After the premiere of Charles L. Mee’s “Summertime” in 2000, he decided to rewrite. The result, in 2002, was the exquisite “Wintertime,” with seven of the same characters.

Unfortunately, the first professional L.A. production of either play is of the rough draft. “Summertime” is only fitfully amusing at the Boston Court.

The setup is flimsy. A young man (Thomas Patrick Kelly) stumbles into a Martha’s Vineyard vacation home. He needs an Italian-reading translator for the text that accompanies a series of photographs. The first person he sees is a young woman (Tessa Thompson) who knows Italian. The photos are too small for the audience to appreciate any significance they might have. The man’s infatuation for the translator feels wholly contrived. Not that Mee’s plays are realistic. In “Wintertime,” however, he established a much more credible framework.


Director Michael Michetti lures a few laughs out of “Summertime.” Bjorn Johnson’s earnest philanderer, who flirts with the translator, turns out to be the lover of her jealous mother (Elizabeth Huffman). The translator’s father (Travis Michael Holder) also arrives with his lover (Larry Reinhardt-Meyer).

A lesbian couple (Zoe Cotton and Marcia deRousse) from next door show up, as in “Wintertime.” So do five other oddballs. Sandy Martin and Patrick Gallo shine in more detachable roles, but the people played by Eileen T’Kaye, Jeanne Sakata and Jim Anzide are mixed up in the romances, which become tiresome. When the characters hit an impasse in their discussions of sex and love, they resort to the customary Mee style of extremely physical body language in order to express their feelings.

The bare branches of designer Tom Buderwitz’s birch trees look, well, wintry.

At least “Summertime” offers a glance inside the process that would later yield “Wintertime.” But Mee novices who see “Summertime” might be turned off by what seems to be shallow self-indulgence.

-- Don Shirley

“Summertime,” Theatre@Boston Court, 70 N. Mentor Ave., Pasadena. Thursdays-Saturdays, 8 p.m.; Sundays, 3 p.m. Ends July 11. $30. (626) 683-6883. Running time: 2 hours, 20 minutes.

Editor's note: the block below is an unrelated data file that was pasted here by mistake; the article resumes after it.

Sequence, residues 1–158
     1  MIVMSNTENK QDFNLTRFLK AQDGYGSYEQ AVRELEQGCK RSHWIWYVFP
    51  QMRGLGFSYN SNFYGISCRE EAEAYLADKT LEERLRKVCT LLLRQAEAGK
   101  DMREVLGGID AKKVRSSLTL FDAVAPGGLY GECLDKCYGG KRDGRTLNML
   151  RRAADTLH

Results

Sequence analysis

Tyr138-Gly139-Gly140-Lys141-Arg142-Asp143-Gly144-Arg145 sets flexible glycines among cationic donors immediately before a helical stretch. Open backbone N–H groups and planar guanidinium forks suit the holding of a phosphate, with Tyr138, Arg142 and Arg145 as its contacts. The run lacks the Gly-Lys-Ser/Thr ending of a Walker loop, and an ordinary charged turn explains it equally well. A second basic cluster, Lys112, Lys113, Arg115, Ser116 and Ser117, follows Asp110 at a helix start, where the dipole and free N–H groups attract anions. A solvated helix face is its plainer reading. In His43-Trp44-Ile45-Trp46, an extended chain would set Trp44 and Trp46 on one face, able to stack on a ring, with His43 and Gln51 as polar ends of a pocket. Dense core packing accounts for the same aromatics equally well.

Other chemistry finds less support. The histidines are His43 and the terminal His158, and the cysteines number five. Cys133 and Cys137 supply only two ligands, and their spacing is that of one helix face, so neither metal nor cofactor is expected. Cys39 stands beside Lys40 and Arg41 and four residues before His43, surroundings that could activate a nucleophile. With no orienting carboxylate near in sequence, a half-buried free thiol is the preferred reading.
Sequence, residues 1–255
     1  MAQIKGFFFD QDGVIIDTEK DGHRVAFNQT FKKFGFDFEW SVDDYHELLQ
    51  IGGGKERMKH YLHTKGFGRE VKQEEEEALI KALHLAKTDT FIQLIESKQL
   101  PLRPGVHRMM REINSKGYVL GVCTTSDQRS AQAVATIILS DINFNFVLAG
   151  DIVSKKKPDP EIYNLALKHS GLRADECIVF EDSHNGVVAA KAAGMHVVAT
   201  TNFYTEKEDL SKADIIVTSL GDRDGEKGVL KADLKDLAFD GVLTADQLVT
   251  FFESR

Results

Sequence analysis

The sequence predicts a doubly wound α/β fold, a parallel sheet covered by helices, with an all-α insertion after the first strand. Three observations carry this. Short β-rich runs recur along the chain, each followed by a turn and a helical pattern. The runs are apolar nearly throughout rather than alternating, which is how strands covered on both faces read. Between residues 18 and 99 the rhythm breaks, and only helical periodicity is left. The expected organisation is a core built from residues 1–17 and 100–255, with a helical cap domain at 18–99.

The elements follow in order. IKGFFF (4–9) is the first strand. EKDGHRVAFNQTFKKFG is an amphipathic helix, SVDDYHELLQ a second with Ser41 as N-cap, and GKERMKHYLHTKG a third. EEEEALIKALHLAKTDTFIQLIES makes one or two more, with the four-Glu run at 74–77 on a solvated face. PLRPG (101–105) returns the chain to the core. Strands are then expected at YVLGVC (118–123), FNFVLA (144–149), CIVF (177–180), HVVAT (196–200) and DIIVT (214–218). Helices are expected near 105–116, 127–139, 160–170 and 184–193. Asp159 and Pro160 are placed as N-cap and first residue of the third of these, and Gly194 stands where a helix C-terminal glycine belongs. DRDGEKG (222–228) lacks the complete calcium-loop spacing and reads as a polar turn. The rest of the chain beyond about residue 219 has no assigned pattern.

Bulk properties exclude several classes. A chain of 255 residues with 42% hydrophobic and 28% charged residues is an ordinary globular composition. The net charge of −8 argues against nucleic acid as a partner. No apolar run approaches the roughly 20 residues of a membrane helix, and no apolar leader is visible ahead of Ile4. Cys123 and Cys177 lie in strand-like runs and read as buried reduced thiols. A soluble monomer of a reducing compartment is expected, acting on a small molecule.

An awkward tribute to ‘Hattie’

Even the greatest victories are sometimes bittersweet. As Mammy in the 1939 film “Gone With the Wind,” Hattie McDaniel occupied an unusually high-profile role for an African American of her time, and she made history as the first African American to be awarded an Oscar. Entrenched racism prevented her from fully enjoying this success, however, and her performance would forever after be the focus of passionate debate about whether it transcended or merely perpetuated stereotypes.

Instructive, inspiring and inherently dramatic, her life story is a natural subject for the stage, but the new play “Hattie,” introduced by Long Beach Playhouse in its Studio Theatre, mishandles it.


The script by William Blinn trots out the expected show-business highlights, such as a comic segment in which McDaniel (Carla Drew) rehearses the movie’s famous corset scene with male pal (Stephen Grove) as her somewhat overenthusiastic Scarlett.

But Blinn’s depictions of key events sometimes flout recorded history, and he heavy-handedly weaves in social themes, as when he contrives for McDaniel to befriend a young actress (Alexis Elena) frustrated by typecasting in exploitative Zulu war movies. His plotting is clumsy too -- most notably when an imagined crisis is peremptorily resolved by the arrival of a special delivery packet, just in time for a happy ending.

To worsen matters, the production, under Spencer Scott’s direction, didn’t seem ready for its opening last weekend. Scenes plodded forward with monotonous sameness, and Drew, as McDaniel, didn’t seem to have a handle on her character. Most annoyingly, several of the actors cluelessly added an “s” whenever they spoke the title character’s last name.

McDaniel deserves better.

-- Daryl H. Miller

“Hattie,” Long Beach Playhouse, 5021 E. Anaheim St., Long Beach. Fridays-Saturdays, 8 p.m.; also this Sunday and June 20, 2 p.m. Ends July 10. $20. (562) 494-1014. Running time: 2 hours, 25 minutes.